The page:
Thank you, Madame Chair, and thank you to the Executive Director for his customarily frank report. We agree with the Member States that the Executive Directors report provides a comprehensive picture of the current context and includes a strong call to action.
In particular, the NGO Delegation shares the concerns expressed by the Executive Director and various Member States related to the funding environment and the current crisis at the Global Fund. We are gravely disappointed, that barely six months after the groundbreaking commitments and clear targets set in the 2011 Political Declaration, we find ourselves in an environment of uncertainty, following the announcement by the Global Fund board to cancel the next round of funding and exclude numerous countries from benefitting from the Transformational Funding Mechanism because several donor countries have failed to deliver on their funding commitments. The fulfillment of this board’s vision of the Three Zeros is now under serious threat.
Madame Chair, in this time of financial austerity, we need to recognize the significant contribution of the Global Fund to the massive gains in the HIV response over the past decade and the value for money illustrated by the number of deaths and new infections averted.
We are finally starting to see the light at the end of the tunnel with new scientific evidence that can turn the tide of HIV infections. The positive impact of antiretroviral treatment in reducing viral load and infectivity is a powerful compliment to the range of other validated HIV prevention strategies, such as needle exchange programmes and opioid substitution therapy for people who inject drugs. We also commend the political leadership and commitment illustrated by many governments, willing to address the social determinants and underlying causes of vulnerability, including gender inequality and human rights. Therefore, we were very encouraged by the news that the Global Fund board adopted the new Strategy, which builds on the commitments of the June 2011 Political Declaration and place a greater emphasis on human rights in the HIV response. Now is not the time to give up on HIV.
We also agree with you that indeed, it is time for a new development paradigm and commend the countries in the global South, and in particular in Africa and Latin America, who are taking steps towards contributing their fair share to their HIV responses. We recognize that donor countries are beginning to make links between human rights and international development assistance. However, while the NGO Delegation welcomes the noble intentions of approaches that incentivise progress towards increased protection of human rights, we caution against funding conditionality in this context. In attempting to sanction recipient governments for their poor human rights records, donor countries potentially risk exacerbating the context for those they seek to protect.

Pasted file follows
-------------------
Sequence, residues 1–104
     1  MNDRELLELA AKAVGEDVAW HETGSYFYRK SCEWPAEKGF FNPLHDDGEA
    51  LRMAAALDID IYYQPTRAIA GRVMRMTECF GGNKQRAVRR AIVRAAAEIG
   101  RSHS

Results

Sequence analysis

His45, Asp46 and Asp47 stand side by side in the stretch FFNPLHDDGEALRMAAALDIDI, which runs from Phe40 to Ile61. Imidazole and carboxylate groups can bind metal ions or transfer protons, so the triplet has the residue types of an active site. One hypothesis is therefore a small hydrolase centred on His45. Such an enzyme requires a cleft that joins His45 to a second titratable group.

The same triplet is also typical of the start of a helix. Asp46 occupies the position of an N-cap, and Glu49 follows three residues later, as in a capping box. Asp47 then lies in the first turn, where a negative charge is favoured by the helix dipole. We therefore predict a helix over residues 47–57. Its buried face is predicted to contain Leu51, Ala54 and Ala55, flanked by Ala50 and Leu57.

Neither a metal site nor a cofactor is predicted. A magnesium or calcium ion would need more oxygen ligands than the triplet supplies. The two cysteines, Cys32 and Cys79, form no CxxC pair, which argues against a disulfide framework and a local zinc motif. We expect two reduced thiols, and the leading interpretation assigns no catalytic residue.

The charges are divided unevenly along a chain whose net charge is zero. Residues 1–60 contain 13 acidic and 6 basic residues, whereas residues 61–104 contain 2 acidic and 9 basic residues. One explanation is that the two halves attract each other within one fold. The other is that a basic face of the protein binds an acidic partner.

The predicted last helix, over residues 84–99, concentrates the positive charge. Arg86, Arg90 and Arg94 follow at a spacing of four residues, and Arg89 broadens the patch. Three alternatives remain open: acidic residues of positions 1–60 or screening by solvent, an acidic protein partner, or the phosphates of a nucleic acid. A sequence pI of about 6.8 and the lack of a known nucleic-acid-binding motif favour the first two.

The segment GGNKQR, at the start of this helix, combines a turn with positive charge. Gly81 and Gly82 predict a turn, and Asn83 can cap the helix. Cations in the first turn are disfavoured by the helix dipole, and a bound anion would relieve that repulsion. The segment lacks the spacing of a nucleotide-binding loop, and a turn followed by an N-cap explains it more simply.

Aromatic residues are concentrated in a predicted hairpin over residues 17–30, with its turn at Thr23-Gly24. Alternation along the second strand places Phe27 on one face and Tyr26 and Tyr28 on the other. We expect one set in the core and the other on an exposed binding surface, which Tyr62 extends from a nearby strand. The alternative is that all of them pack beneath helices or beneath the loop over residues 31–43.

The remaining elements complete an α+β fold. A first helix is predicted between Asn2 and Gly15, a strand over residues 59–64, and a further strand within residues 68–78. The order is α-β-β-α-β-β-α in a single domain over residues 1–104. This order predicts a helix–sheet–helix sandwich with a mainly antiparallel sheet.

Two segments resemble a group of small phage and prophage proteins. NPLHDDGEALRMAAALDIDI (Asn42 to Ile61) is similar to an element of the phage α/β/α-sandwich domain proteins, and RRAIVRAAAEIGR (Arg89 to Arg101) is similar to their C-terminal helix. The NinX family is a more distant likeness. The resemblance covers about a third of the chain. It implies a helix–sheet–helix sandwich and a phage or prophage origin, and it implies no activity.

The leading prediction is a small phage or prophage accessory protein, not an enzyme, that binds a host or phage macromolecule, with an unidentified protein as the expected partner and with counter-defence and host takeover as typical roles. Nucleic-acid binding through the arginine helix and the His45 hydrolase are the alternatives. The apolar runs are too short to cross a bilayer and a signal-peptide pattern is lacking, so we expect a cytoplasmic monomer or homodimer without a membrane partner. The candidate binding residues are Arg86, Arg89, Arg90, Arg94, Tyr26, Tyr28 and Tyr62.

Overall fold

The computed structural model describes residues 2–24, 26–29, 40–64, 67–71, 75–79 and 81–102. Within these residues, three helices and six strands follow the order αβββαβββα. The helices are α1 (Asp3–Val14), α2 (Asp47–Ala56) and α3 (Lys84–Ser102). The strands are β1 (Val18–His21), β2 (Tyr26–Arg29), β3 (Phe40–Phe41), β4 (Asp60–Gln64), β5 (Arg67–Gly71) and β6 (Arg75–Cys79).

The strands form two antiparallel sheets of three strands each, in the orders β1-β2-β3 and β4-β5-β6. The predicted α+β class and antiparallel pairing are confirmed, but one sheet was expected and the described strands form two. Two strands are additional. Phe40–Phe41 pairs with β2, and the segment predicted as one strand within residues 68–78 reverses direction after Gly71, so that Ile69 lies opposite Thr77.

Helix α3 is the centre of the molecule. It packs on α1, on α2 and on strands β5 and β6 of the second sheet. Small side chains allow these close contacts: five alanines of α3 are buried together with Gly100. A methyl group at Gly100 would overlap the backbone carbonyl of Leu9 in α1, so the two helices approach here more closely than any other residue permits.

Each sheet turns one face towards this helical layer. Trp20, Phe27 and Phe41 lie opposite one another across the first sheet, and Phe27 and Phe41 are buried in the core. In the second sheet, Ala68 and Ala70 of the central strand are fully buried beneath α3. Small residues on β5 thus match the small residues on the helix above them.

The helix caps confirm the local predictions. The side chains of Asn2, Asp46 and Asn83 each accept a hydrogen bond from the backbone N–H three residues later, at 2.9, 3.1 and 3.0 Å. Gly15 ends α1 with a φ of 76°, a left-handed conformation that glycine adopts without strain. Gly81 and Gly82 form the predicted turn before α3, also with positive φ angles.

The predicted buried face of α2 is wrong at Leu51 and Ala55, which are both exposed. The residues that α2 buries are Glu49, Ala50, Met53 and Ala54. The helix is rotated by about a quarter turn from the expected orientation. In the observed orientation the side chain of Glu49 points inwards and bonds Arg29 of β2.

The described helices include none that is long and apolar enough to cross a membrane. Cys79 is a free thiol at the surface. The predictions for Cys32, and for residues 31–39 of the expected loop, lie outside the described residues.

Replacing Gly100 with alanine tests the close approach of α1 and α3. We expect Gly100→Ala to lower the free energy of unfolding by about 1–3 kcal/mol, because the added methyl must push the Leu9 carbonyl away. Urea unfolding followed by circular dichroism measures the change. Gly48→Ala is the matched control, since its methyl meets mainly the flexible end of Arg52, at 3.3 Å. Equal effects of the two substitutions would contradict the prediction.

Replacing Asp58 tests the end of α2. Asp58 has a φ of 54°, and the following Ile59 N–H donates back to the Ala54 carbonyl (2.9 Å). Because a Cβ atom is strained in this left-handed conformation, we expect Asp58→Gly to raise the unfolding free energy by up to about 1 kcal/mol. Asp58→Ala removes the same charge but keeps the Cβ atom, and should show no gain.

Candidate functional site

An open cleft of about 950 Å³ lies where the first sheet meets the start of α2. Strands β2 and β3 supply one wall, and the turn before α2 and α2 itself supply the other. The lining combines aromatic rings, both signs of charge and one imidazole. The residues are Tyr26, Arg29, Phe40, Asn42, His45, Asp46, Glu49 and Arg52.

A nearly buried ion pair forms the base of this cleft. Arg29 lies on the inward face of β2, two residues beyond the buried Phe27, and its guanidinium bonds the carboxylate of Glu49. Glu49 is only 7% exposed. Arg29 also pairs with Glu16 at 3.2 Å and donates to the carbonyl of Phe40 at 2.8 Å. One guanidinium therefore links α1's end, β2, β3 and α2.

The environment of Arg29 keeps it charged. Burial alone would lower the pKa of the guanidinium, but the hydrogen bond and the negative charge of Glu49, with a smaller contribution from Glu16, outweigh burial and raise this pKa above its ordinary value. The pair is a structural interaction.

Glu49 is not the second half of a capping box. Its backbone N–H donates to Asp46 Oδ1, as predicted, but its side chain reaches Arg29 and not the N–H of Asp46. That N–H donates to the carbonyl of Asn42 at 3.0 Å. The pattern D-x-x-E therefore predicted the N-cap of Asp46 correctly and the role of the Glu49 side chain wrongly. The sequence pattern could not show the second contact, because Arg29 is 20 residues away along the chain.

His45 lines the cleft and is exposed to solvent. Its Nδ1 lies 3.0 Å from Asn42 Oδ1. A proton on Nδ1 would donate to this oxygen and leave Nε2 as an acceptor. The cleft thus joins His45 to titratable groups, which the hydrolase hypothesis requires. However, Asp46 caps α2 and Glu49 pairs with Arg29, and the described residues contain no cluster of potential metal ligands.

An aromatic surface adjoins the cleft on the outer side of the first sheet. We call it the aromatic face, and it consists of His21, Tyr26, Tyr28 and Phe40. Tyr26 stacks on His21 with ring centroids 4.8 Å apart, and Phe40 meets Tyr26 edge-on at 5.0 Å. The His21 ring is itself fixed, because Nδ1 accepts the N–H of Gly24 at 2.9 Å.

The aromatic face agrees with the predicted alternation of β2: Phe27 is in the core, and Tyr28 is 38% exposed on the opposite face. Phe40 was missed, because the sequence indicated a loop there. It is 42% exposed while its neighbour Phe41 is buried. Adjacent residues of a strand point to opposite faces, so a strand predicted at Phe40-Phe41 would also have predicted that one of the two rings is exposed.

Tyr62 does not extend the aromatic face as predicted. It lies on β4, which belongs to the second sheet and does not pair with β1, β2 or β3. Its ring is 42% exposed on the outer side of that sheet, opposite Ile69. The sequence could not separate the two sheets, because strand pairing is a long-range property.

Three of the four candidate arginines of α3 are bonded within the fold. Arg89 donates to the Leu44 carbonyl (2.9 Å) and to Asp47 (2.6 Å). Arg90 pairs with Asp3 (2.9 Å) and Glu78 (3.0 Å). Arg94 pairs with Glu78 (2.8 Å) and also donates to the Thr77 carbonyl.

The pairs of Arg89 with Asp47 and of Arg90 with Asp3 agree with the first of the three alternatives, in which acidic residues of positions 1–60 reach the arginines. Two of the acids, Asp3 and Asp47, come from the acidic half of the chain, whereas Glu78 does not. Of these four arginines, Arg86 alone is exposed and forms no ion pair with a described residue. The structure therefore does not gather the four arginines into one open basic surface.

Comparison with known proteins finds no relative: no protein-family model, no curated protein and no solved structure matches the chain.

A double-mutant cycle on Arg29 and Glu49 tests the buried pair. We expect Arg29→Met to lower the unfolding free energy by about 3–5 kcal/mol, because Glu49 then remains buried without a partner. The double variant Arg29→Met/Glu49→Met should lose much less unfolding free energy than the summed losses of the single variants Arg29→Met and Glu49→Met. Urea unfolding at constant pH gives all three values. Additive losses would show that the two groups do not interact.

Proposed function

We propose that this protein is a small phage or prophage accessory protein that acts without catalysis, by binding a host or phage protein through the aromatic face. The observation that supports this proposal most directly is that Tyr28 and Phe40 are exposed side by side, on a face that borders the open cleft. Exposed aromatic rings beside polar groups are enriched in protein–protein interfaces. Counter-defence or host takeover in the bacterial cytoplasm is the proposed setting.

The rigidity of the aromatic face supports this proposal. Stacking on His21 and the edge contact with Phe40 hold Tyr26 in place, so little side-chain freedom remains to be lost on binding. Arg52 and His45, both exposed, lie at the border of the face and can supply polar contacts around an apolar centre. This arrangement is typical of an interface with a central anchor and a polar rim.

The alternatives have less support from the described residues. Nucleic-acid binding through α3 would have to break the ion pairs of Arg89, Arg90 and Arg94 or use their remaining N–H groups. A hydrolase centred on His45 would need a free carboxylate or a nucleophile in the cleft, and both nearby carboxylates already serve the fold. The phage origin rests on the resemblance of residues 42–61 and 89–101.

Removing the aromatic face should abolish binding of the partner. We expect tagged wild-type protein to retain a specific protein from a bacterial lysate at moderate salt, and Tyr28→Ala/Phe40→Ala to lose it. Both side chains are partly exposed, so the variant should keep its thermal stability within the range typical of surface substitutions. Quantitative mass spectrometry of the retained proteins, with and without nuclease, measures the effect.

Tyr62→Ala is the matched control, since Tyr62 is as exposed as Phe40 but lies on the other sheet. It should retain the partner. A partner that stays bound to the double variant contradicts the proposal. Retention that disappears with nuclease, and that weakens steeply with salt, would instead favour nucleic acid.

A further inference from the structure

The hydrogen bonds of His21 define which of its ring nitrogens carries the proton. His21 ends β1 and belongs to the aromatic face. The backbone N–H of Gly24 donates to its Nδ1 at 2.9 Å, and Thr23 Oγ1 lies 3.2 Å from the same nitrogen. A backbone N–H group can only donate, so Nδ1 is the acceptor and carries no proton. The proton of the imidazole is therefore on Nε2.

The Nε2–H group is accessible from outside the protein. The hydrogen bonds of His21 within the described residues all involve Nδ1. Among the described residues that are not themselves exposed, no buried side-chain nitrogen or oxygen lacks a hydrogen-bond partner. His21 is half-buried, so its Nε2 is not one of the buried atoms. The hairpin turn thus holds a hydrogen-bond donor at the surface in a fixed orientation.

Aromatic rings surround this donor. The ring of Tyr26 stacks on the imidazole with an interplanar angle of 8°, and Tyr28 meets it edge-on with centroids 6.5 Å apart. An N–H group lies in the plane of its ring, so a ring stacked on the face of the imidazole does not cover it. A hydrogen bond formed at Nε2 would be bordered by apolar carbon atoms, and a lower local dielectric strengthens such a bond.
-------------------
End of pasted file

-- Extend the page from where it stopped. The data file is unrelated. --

The Executive Director has highlighted the potential of the Investment Framework to financially model the turning of the HIV epidemic and making a level of investment that will prevent the ever growing bill for the treatment of an ever enlarging pool of people living with HIV. In the current scenario of resource constraints, we welcome the exploration of innovative funding mechanisms that are endorsed by civil society such as the Financial Transaction Tax. We need to ensure that this model continues to be recognised as a work in progress that needs further testing and refining with partners, including civil society, in order for this model to become the influential investment model that it has the potential to become.
We – people living with HIV, key populations at higher risk of HIV, communities affected by HIV and civil society – are looking to UNAIDS to exert strong leadership with global donors to honour their commitments as enshrined in various political commitments, including to fully fund the Global Fund beyond the twenty focus countries. We appreciate the call from the United Kingdom, China, the United States and other Members States to donor countries to honour their commitments to fully fund the Global Fund.
In particular, we call on the UNAIDS Secretariat to support efforts to raise an additional $2 billion for the Global Fund, possibly by hosting an emergency donor meeting in advance of the International AIDS Conference in 2012. As a parallel strategy, as indicated by Sweden, Poland and Canada, we also call on UNAIDS to sensitize country teams to the process of Global Funds cuts, the Transformational Funding Mechanism or the need to re-strategize in the light of the loss of Round 11. This is precisely the time to engage civil society, so that the true implications of cuts or constrained strategies can be based on sound evidence of where the needs are and what interventions have the greatest impact, ensuring that prevention is not sacrificed for treatment and that the consequences of Global Fund historic investment in the most affected and most marginalized are not lost in the postponement of Round 11.
The undermining of the world’s largest donor on HIV is a catastrophic loss that is likely to affect those most vulnerable to HIV, particularly women, key populations at higher risk of HIV such as sex workers, people using drugs and transgender persons, who we know are the populations which are most marginalized and receive the least attention. Again, we are closer to realising the vision of the Three Zeros than we may realize. Now is not the time to give up on HIV.